Not only were they clueless and contemptuous of making their tools available for millions of people, they are not clueless now, the incumbent content owners, the Disney of the world, the recording industry, the motion picture industry are reacting by extending copyright laws and by trying to ... copyright laws into devices.
In the US we have the Digital Millennium Copyright Act, which the US and other countries are trying to extend to the world, through the world of intellectual property organizations, which makes it very difficult for amateurs to make amateur production using these technologies because of the lock on ownership.
You have companies like Disney who can take folk tales like Snow White, appropriate them from the public domain, stamp an ownership copyright on it and then sue anybody else who tries to use what they've stolen in the first place.
On the other hand we have companies that provide access to the Internet, the phone companies and the cable companies, trying to re-institute the centralized technical, economic and political control that they had before their centralized... networks or democratized, net neutrality is the name for one of the ways that broadband providers are trying to make sure that you can't start a competing business in your dormitory room.
In the future you'll sort of have to be a technology geek and a policy-maker to understand that these conflicts are taking place, but I think, if you look at what the cable companies in the US are trying to do in terms of controlling what bits pass their parts of the network, that's the net neutrality, if you look at what the authoritarian government of China is trying to do in making, I think that at last count was two hundred million in China with access to the Internet and they have everything that everybody else has: they got their social network, they got their instant messaging, they've got their video, a tremendous freedom to communicate just as long as you don't criticize the government so I see...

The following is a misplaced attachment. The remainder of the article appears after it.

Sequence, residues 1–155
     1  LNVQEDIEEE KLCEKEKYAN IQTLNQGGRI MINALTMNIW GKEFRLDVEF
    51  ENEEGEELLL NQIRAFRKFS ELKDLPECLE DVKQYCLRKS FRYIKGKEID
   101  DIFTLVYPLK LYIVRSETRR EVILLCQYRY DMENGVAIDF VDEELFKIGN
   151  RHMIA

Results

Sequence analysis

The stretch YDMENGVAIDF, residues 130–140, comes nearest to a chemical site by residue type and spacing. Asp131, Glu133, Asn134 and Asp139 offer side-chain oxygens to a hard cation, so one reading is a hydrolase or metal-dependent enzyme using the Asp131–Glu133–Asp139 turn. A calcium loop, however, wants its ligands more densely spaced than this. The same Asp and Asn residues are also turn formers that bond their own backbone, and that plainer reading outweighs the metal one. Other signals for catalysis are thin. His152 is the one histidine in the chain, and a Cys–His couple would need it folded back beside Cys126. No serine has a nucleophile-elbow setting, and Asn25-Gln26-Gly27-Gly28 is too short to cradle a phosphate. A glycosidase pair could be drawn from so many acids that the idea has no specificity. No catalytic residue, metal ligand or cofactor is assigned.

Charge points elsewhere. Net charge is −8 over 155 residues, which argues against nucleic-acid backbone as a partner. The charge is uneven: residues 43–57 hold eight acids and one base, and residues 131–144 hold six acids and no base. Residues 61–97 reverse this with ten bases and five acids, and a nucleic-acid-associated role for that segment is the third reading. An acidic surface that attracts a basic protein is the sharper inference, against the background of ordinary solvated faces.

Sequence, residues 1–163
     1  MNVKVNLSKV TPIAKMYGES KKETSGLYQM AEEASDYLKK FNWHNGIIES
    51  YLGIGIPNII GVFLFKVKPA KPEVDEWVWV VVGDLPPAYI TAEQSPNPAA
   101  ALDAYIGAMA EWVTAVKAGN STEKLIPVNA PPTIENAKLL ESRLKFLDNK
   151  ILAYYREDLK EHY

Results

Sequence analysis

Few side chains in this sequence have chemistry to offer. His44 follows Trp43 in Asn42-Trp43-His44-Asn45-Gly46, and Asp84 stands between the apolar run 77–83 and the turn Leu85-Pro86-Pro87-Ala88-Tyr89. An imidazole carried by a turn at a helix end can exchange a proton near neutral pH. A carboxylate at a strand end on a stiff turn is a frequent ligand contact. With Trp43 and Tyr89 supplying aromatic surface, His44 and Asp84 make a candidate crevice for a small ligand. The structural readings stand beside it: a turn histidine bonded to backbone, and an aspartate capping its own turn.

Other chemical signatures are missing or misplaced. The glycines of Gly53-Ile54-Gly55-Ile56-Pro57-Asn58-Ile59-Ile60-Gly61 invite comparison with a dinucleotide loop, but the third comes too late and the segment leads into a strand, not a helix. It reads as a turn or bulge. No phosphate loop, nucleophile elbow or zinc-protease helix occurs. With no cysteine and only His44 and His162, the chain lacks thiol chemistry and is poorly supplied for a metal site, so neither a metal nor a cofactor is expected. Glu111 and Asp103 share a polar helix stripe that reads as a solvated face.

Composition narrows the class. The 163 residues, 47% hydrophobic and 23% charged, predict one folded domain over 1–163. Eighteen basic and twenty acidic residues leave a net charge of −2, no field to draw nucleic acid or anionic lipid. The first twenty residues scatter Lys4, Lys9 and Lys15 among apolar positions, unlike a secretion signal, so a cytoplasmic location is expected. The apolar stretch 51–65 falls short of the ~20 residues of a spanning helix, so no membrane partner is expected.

And they're trying to do it at the same level by controlling the routers, the machines that pass the bits, they want to have sensors in those routers for political expressions, just as Comcast in the US wants to put sensors in those routers to prevent competing bits to move over their network so I believe that the future is not necessarily going to be as the freewheeling and creative as it is now.
I think the good news is that millions of people have tasted freedom.
They can make videos and upload them to YouTube, they can start a mail group anytime they want. I think that having a population that's tasted that freedom is going to be hard to put it back in the box when you got one phone company and three television channels and your only choice is which brand are you going to buy, not what are you going to create, what the millions of amateurs are going to pay attention to.
I think it's important for people to understand that our freedom is not guaranteed in this... What we know and what we do is going to count in the next few years.
Robin Good: How we can best put to use what we know and what we can do to avoid seen a too a negative change in the media we love so much?